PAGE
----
Those new shoes weren't broken in enough? A little duct tape on the blister (tissue cover first) will help. You can also use it in place of a bandaid on small cuts. When we go diving, we see this often since the duct tape sticks better when it gets wet.

Roll a piece of duct tape, sticky side out, around your hand and use it to remove lint from clothing.

Need to do laundry? Put tape over the drain in the sink so it will hold water. Make a clothesline from a length of duct tape, sticky sides together.

When you really want to block out the morning light and the curtains won't close completely use some tape to hold them shut.

And shoe repair is always a possibility with duct tape--that is enough to hold you until you get to go shopping.

An easy way to pack duct tape is to get an old plastic card like an outdated membership card or key card from a hotel and wrap some duct tape around it. It will fit in the suitcase a little easier than a large roll of tape.

Of course there are all sorts of projects you can make with duct tape like luggage tags, purses, coin/credit card wallets and even clothing. Check out the projects on the Duck Tape site.

Like my husband's sweatshirt says, "I can fix anything with duct tape."


Monday, June 05, 2017

Staying Friends When You Travel Together

Over the almost fifty years that we have been married we have taken quite a few trips with my husband's twin brother and his wife. There were several trips before children, a couple with children and now, as empty-nesters, several more. Over the years we have learned how to travel together and still remain friends. I would not recommend this to you unless you learn to respect each other's interests and budgets and are able to compromise.

I found an article that talks about ten mistakes not to make when traveling with friends. It offers some good advice. Here's some of the things we do.

First it has to be a place we all want to go and explore. Both couples do their research to see what type of accommodation we would choose. We set up a list of priorities of things to do or see. They don/t always match exactly but either we compromise on some or we agree to go our separate ways on some days.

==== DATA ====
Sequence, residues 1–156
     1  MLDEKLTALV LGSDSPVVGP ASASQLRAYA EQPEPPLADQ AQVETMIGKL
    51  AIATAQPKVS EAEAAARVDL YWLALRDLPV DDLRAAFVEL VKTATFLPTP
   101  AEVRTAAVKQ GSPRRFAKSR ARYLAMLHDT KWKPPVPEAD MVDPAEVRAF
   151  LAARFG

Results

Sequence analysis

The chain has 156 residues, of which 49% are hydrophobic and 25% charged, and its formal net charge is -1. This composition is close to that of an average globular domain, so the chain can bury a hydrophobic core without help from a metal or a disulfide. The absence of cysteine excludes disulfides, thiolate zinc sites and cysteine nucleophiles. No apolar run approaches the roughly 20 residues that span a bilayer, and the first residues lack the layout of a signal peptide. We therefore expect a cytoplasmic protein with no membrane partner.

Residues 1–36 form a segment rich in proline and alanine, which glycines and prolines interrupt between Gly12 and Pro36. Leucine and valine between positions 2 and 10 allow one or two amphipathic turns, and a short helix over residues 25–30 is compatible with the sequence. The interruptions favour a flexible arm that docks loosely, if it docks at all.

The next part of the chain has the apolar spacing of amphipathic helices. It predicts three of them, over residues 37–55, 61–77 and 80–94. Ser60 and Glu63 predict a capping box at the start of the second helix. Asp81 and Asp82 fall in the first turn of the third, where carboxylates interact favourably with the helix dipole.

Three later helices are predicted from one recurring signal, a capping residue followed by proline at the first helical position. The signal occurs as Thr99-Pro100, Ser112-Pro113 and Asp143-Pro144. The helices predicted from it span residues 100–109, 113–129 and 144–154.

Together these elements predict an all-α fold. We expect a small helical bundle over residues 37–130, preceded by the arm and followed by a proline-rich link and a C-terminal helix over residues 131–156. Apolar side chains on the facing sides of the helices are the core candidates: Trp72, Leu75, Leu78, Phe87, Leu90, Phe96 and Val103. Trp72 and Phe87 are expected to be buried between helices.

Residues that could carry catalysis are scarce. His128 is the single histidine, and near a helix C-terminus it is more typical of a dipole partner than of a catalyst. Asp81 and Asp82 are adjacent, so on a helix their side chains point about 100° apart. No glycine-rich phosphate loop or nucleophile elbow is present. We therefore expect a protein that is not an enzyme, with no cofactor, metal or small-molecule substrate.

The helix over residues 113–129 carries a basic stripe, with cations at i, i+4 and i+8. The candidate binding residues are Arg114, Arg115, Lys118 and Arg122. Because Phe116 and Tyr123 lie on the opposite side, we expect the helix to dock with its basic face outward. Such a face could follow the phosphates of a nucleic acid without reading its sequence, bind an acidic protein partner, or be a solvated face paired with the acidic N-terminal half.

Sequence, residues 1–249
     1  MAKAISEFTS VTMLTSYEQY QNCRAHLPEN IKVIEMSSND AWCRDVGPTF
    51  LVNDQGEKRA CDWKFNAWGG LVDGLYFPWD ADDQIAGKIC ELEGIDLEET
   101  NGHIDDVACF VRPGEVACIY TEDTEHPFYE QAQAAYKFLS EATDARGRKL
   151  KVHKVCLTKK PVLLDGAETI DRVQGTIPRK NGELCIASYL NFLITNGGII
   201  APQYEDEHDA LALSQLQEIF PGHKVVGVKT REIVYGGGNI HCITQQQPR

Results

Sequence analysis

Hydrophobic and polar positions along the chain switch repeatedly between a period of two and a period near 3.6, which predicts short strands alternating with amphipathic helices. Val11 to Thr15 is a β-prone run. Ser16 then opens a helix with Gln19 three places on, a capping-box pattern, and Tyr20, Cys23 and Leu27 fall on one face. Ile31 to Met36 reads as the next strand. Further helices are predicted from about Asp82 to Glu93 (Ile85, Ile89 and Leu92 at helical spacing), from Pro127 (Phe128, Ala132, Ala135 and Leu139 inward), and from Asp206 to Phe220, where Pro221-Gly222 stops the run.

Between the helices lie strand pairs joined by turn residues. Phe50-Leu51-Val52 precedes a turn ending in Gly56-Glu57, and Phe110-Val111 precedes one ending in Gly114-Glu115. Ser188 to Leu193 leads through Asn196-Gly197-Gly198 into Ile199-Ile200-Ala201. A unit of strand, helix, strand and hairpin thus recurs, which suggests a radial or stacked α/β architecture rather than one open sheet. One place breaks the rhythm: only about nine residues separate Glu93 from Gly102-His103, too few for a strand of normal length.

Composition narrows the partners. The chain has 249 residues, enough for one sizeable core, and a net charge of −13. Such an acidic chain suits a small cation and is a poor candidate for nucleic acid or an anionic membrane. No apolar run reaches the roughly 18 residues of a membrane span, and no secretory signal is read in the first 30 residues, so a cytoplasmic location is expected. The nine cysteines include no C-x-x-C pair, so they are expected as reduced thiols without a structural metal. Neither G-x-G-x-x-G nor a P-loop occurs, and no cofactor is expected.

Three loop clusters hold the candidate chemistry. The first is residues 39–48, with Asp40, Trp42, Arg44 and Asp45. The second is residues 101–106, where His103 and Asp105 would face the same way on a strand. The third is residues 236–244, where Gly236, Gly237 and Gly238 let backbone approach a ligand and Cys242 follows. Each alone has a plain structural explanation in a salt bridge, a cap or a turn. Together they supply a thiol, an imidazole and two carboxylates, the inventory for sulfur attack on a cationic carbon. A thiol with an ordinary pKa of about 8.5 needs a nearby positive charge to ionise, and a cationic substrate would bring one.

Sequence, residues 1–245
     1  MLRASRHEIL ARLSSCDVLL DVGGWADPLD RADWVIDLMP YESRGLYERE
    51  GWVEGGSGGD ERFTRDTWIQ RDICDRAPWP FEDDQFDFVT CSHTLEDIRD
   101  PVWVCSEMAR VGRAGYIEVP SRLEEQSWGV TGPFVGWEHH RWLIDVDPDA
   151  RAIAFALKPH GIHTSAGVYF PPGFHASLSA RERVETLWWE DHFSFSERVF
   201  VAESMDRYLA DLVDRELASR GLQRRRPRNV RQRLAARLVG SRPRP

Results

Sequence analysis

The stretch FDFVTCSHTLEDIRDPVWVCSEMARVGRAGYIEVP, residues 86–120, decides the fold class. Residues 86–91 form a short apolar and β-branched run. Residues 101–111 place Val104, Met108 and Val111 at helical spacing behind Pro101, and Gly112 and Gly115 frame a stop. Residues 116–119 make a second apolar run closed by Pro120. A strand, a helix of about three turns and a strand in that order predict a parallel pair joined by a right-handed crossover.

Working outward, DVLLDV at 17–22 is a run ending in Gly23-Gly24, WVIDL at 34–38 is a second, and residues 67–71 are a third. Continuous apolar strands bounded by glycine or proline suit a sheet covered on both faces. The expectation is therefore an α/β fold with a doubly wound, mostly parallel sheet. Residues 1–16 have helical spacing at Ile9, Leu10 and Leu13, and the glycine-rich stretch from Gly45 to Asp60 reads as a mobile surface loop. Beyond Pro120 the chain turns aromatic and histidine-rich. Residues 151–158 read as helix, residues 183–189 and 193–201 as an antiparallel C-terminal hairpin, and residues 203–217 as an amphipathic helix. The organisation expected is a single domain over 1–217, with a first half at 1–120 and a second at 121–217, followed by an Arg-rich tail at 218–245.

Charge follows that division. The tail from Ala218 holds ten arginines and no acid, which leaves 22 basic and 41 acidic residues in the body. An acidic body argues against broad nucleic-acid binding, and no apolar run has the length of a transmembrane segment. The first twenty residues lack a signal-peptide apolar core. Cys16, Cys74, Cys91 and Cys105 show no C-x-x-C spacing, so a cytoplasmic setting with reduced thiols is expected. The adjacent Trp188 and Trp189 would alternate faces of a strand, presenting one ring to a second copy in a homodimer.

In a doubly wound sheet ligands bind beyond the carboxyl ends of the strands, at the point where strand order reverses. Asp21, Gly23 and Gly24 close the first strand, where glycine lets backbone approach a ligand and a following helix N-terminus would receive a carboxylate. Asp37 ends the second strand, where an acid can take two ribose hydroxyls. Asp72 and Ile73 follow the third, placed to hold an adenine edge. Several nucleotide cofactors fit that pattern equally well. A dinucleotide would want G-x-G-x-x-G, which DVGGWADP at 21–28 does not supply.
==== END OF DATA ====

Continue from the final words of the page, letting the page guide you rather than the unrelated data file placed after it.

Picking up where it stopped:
Once we have our agenda outlined we begin to map out our trip and where we will stay and how long. It's a whole lot easier when it's a cruise because then the itinerary is pretty much set by the cruise line although we usually plan a few days before setting sail to explore the port of embarkation.

Thankfully our interests are very similar so it makes our days together much nicer but no matter how similar there are still times when it is a good idea to split for a while. Sometimes that split means the girls go one way and the guys another. There was one trip through Europe where one evening my sister-in-law and I wanted to just spend an evening relaxing and reading. The boys went off on their own to a fair in the town in Germany where we were staying. There were lots of good stories told afterward--fully embellished, I'm sure.

Number 10 on the article's list can add a lot of frustration to your travel though. Electronics can get in the way of enjoying a nice dinner out or cause distraction when you really want to enjoy an experience together. Electronics can be helpful for travel but can also tend to separate you. Use them wisely.

Thursday, June 01, 2017

Cat's Paws - A Short Story

There is a term you learn when out on the water in a sailboat. It is cat's paws. When the water is relatively calm you can see the wind rustle the top of the water and cause ripples to form. They dance across the surface and when they catch up to you the wind fills your sail, the boat heels (tips to one side) as you suddenly gain speed. The following story was inspired by our sailing adventures when we owned a sailboat. It is purely fiction.